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Downward Nominal Wage Flexibility: Real or Measurement Error?

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  • Gottschalk, Peter T.

    ()
    (Boston College)

Abstract

This paper presents a new method to correct for measurement error in wage data and applies this method to address an old question. How much downward wage flexibility is there in the U.S? We apply standard methods developed by Bai and Perron (1998b) to identify structural breaks in time series data. Applying these methods to wage histories allows us to identify when each person experienced a change in nominal wages. The length of the period of constant nominal wages is left unrestricted and is allowed to differ across individuals, as is the size and direction of the nominal wage change. We apply these methods to data from the Survey of Income and Program Participation. The evidence we provide indicates that the probability of a cut in nominal wages is substantially overstated in data that is not corrected for measurement error.

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Bibliographic Info

Paper provided by Institute for the Study of Labor (IZA) in its series IZA Discussion Papers with number 1327.

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Length: 35 pages
Date of creation: Oct 2004
Date of revision:
Publication status: published in: Review of Economics and Statistics, 2005, 87 (3), 556-568
Handle: RePEc:iza:izadps:dp1327

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Keywords: nominal wage rigidity; measurement error;

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  1. Bound, John & Krueger, Alan B, 1991. "The Extent of Measurement Error in Longitudinal Earnings Data: Do Two Wrongs Make a Right?," Journal of Labor Economics, University of Chicago Press, vol. 9(1), pages 1-24, January.
  2. Michael P. Keane, 1990. "Nominal contracting theories of unemployment: evidence from panel data," Discussion Paper / Institute for Empirical Macroeconomics 27, Federal Reserve Bank of Minneapolis.
  3. Bound, John & Brown, Charles & Mathiowetz, Nancy, 2001. "Measurement error in survey data," Handbook of Econometrics, in: J.J. Heckman & E.E. Leamer (ed.), Handbook of Econometrics, edition 1, volume 5, chapter 59, pages 3705-3843 Elsevier.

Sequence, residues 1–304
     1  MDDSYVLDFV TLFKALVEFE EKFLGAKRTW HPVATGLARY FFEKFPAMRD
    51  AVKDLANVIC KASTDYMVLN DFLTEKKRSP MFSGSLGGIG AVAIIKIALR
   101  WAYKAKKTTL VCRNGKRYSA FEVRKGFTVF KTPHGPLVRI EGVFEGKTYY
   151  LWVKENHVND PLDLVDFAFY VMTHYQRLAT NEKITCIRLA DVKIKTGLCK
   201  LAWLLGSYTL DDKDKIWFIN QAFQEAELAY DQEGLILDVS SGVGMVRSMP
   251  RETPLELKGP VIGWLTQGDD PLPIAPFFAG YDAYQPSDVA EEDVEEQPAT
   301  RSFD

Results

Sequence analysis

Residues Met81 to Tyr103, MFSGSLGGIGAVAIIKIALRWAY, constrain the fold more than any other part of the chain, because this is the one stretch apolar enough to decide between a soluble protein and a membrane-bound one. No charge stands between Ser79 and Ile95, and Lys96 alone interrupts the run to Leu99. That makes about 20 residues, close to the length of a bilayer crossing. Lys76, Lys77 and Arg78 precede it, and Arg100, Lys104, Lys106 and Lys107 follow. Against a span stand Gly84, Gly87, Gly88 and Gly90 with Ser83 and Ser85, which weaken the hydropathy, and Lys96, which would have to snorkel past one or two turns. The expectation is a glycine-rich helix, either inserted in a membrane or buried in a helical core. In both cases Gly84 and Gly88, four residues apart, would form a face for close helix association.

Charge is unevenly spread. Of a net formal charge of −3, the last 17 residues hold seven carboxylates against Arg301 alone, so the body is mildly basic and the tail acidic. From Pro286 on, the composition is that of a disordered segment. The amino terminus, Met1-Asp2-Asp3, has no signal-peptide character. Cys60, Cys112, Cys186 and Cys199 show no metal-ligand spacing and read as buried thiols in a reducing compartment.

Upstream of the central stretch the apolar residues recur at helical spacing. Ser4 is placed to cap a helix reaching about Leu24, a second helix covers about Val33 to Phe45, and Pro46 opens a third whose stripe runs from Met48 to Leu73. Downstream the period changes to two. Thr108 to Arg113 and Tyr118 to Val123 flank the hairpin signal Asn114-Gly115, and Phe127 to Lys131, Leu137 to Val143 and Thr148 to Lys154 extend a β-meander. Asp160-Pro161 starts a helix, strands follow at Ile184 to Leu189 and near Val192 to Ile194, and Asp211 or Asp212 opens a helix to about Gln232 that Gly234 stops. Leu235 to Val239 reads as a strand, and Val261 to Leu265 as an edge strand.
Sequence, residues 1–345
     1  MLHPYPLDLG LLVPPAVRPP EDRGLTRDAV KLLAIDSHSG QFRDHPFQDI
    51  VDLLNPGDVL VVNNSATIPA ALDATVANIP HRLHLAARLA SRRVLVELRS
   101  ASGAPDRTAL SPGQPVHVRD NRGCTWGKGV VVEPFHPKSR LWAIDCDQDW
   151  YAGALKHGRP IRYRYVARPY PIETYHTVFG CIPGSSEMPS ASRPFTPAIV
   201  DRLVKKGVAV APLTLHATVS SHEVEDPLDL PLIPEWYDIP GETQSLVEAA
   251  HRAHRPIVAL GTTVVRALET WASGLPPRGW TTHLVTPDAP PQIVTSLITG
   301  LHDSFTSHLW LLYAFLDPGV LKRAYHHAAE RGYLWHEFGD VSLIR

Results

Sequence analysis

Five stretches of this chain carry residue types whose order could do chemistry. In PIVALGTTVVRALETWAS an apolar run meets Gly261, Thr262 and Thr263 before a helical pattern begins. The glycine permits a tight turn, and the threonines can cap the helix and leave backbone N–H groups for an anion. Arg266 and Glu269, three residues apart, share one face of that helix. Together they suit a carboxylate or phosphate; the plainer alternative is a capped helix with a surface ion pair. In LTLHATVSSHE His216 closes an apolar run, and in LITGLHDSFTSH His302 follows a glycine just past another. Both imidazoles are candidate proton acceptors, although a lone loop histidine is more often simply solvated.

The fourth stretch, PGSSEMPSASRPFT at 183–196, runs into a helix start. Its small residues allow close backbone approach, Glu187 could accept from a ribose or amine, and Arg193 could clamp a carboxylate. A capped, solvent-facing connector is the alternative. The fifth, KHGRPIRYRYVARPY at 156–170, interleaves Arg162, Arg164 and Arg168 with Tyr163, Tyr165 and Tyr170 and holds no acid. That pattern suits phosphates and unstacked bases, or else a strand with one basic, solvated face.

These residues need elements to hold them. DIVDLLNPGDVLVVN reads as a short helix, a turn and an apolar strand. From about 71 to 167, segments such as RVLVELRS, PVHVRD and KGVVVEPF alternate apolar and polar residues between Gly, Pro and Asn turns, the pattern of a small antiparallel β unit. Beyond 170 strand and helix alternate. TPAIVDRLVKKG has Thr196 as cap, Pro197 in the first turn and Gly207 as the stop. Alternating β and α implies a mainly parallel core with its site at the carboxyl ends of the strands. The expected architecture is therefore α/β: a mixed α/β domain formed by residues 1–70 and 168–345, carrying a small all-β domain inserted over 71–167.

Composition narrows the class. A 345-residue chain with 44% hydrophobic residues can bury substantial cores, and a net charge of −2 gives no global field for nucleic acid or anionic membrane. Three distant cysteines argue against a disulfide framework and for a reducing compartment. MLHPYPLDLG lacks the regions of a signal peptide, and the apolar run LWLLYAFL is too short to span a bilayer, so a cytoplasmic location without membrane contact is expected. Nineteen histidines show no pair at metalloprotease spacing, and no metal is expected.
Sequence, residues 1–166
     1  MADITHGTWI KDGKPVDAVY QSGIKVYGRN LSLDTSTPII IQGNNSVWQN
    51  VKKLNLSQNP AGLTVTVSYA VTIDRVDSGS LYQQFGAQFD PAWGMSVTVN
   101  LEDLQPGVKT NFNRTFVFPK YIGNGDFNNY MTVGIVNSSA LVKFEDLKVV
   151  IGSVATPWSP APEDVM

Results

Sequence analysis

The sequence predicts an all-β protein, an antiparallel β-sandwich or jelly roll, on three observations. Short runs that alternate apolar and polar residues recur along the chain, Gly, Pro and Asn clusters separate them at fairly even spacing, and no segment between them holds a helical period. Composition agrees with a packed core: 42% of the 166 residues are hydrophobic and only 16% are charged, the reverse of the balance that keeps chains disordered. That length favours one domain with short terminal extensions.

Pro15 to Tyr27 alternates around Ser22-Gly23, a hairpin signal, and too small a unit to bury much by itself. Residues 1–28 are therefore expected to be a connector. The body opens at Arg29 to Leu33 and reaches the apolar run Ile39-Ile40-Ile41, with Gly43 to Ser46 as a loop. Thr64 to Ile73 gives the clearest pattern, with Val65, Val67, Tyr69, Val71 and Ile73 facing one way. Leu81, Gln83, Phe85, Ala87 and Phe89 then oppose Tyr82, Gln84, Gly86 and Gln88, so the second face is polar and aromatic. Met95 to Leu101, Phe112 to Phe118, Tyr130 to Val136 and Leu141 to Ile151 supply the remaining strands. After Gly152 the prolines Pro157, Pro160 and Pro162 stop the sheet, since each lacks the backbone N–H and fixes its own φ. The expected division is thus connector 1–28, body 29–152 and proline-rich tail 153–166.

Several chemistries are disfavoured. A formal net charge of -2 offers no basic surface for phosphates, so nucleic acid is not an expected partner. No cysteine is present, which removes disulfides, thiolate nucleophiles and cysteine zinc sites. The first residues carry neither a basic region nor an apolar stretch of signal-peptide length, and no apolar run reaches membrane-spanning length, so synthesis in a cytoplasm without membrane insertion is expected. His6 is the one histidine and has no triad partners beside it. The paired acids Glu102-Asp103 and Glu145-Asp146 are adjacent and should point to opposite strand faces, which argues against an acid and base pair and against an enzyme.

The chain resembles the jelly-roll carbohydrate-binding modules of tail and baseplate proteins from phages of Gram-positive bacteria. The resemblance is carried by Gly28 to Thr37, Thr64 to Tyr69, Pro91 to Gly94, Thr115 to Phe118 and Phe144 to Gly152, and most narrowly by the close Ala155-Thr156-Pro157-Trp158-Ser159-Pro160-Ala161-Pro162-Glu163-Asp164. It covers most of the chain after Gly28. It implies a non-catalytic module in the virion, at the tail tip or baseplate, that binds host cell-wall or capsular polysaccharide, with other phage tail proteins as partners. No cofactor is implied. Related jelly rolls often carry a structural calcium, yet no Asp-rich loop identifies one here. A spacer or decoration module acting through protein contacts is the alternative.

4. Jushan Bai & Pierre Perron, 2003. "Computation and analysis of multiple structural change models," Journal of Applied Econometrics, John Wiley & Sons, Ltd., vol. 18(1), pages 1-22.
  5. Brown, James N & Light, Audrey, 1992. "Interpreting Panel Data on Job Tenure," Journal of Labor Economics, University of Chicago Press, vol. 10(3), pages 219-57, July.
  6. George A. Akerlof & William R. Dickens & George L. Perry, 1996. "The Macroeconomics of Low Inflation," Brookings Papers on Economic Activity, Economic Studies Program, The Brookings Institution, vol. 27(1), pages 1-76.
  7. Alan S. Blinder & Don H. Choi, 1989. "A Shred of Evidence on Theories of Wage Stickiness," NBER Working Papers 3105, National Bureau of Economic Research, Inc.
  8. Jushan Bai & Pierre Perron, 1998. "Estimating and Testing Linear Models with Multiple Structural Changes," Econometrica, Econometric Society, vol. 66(1), pages 47-78, January.
  9. Bound, John, et al, 1994. "Evidence on the Validity of Cross-Sectional and Longitudinal Labor Market Data," Journal of Labor Economics, University of Chicago Press, vol. 12(3), pages 345-68, July.
  10. David Card & Dean Hyslop, 1997. "Does Inflation “Grease the Wheels of the Labor Market”?," NBER Chapters, in: Reducing Inflation: Motivation and Strategy, pages 71-122 National Bureau of Economic Research, Inc.
  11. McLaughlin, Kenneth J., 1994. "Rigid wages?," Journal of Monetary Economics, Elsevier, vol. 34(3), pages 383-414, December.
  12. Joseph G. Altonji & Paul J. Devereux, 1999. "The Extent and Consequences of Downward Nominal Wage Rigidity," NBER Working Papers 7236, National Bureau of Economic Research, Inc.
  13. Kahn, Shulamit, 1997. "Evidence of Nominal Wage Stickiness from Microdata," American Economic Review, American Economic Association, vol. 87(5), pages 993-1008, December.
  14. Shea, John, 1995. "Union Contracts and the Life-Cycle/Permanent-Income Hypothesis," American Economic Review, American Economic Association, vol. 85(1), pages 186-200, March.
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